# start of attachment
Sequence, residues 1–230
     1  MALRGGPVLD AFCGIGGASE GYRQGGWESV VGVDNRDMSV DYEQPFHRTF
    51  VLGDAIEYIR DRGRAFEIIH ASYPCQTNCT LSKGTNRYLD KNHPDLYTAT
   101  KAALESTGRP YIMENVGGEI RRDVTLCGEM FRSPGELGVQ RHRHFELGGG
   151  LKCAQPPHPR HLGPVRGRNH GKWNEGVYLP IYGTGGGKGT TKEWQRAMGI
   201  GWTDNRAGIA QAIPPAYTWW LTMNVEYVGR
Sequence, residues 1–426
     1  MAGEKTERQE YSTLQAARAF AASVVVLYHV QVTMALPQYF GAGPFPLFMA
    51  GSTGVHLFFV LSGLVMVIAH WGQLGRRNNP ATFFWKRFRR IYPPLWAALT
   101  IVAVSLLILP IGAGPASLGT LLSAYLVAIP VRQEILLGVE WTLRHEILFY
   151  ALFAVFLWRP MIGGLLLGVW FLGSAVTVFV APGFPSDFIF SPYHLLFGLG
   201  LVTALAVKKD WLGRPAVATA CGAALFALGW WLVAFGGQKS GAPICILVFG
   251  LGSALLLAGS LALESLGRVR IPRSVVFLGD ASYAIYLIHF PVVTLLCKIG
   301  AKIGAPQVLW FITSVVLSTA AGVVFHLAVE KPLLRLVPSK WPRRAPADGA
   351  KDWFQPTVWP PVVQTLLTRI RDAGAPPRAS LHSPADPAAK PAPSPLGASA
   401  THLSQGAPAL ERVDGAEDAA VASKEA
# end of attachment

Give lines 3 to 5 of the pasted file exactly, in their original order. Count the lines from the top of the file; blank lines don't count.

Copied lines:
    51  VLGDAIEYIR DRGRAFEIIH ASYPCQTNCT LSKGTNRYLD KNHPDLYTAT
   101  KAALESTGRP YIMENVGGEI RRDVTLCGEM FRSPGELGVQ RHRHFELGGG
   151  LKCAQPPHPR HLGPVRGRNH GKWNEGVYLP IYGTGGGKGT TKEWQRAMGI